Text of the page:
trending Market Intelligence /marketintelligence/en/news-insights/trending/nSsbmz9mhTFHEEkMwGwi2g2 content esgSubNav
In This List

Eyeing record-length drillhole, Osisko targets gold in Windfall's roots


World Exploration Trends 2022


Gold Market Outlook


Insight Weekly: US recession outlook; mortgage activity slowdown; climate disclosure push


Insight Weekly: Cybersecurity M&A momentum; US banks' loan growth; miners' labor supply woes

Eyeing record-length drillhole, Osisko targets gold in Windfall's roots

Osisko Mining Inc. is about 2,000 meters into a drillhole at the Windfall Lake gold project in Quebec that it hopes will set a Canadian record for length as it gambles on the potential for deep discovery.

President and CEO John Burzynski said the Canadian record is 3,454 meters downhole by diamond drilling, a type of drilling that returns a cylindrical sample of rock.

The gold developer, backed by a veteran exploration team, is largely focused on outlining gold resources in deposits that are within about 1,500 to 2,000 meters of surface. But with the deep hole, Osisko is chasing a blind target that may or may not be beneath known deposits at Windfall, where the company has undertaken a massive drilling program in recent years that is approaching 1 million meters of drilling.

So far, Osisko has outlined 754,000 ounces of gold grading 8.17 g/t gold in indicated resources and 2,366,000 ounces of gold grading 7.11 g/t gold in inferred resources at Windfall.

The deep hole, announced in April, will take about half a year to drill and is no sure thing in terms of discovery.

"The model we're working on right now is that all of these known fingers of mineralization ... are all potentially linked to a hand," Burzynski said. "What we're looking for is the hand. It may not be there."

The company's strategy rests on the notion that the smaller deposits closer to surface may be linked to a larger deep deposit near the top of an ancient welling of magma long since hardened to rock, where gold may have been deposited, possibly at a larger scale than the deposits near surface. Gold explorers often drill with similar expectations with mixed results.

But for Osisko there is a silver lining, Burzynski said. If it does not hit, he said the geological knowledge from the drill hole may give the company an edge in exploring other deep targets in Canada's gold camps, where some mines have been known to stretch more than 3,000 meters underground.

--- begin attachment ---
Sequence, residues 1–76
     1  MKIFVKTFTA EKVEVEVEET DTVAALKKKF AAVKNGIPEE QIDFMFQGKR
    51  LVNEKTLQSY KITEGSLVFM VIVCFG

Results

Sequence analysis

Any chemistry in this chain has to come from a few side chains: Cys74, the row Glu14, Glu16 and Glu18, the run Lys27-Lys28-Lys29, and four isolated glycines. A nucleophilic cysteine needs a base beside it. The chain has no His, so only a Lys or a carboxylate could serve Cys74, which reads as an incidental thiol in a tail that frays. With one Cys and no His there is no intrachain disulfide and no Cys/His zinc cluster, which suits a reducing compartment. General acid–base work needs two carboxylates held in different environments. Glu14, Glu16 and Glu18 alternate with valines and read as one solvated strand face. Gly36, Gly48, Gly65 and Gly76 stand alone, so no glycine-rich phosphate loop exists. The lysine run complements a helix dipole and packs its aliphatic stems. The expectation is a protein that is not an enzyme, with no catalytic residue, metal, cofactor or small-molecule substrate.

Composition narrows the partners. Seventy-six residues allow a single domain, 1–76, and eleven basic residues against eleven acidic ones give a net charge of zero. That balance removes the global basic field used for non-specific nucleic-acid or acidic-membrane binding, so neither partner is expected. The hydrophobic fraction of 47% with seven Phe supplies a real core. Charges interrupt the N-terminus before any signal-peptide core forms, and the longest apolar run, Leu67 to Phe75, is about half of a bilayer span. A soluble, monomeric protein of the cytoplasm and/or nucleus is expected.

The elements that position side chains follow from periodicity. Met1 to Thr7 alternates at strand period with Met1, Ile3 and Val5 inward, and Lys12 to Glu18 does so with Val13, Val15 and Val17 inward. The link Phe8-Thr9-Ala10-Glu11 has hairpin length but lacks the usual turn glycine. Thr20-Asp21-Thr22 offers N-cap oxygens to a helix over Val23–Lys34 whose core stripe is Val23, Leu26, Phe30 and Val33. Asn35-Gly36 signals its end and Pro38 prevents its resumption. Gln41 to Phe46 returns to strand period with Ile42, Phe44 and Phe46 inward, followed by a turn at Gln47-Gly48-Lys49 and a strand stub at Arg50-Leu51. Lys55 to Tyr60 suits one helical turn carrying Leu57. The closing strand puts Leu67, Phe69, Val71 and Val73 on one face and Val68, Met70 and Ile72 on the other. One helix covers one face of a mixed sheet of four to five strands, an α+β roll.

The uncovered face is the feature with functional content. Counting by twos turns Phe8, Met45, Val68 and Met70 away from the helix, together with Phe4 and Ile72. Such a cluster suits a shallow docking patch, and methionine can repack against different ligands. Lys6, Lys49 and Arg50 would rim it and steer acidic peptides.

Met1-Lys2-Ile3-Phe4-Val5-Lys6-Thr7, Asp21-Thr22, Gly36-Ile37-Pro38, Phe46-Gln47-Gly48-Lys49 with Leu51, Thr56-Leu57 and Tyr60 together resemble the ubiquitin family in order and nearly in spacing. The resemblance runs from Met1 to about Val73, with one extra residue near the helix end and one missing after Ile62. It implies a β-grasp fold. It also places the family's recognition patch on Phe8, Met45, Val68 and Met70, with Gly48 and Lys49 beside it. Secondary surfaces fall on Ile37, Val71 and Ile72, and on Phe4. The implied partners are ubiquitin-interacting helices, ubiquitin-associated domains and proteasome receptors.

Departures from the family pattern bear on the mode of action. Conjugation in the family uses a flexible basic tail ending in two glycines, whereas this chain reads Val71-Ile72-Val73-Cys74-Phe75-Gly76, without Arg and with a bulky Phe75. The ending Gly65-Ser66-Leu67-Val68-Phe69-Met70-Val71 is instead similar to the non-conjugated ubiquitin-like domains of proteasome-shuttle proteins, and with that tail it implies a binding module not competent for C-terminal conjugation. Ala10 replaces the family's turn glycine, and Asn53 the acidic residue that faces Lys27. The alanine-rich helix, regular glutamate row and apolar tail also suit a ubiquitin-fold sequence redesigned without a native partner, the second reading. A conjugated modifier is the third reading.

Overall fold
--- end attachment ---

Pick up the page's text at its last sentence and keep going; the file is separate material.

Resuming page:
"The sky's the limit in the old camps," Burzynski said. "A lot of people forget that most of those camps outside the mines were never drilled below 400 meters. Really, I think this is where all the new discoveries are going to come from in the next cycle, which looks like it is upon us right now."

The price of gold has been surging, briefly breaking above US$1,500 per ounce in recent trading, possibly driven by recent global trade tensions and supported by a bond market where negative rates have become more common. That, in turn, has boosted market interest in gold equities.

Osisko plans to pair the geological knowledge it gains from drilling the hole with geophysical surveys and possibly use that to reconsider deeper targets along the 250-kilometer stretch of prospective ground it controls near Windfall, Burzynski said.

The company's deep-hole approach does not come cheap. It will end up costing more than C$1 million to drill, with the final tally depending on how long it takes to reach target depth, Burzynski said. Osisko contracted Major Drilling Group International Inc. for the drilling.

While drillers may charge on a per-meter basis, Burzynski said the company will not on this project, where the pace of drilling slows as depth increases and the chances of veering off course grows higher. The drillhole has already been restarted once to reset targeting.

"No driller in their right mind would give you a per-meter quote on it," Burzynski said.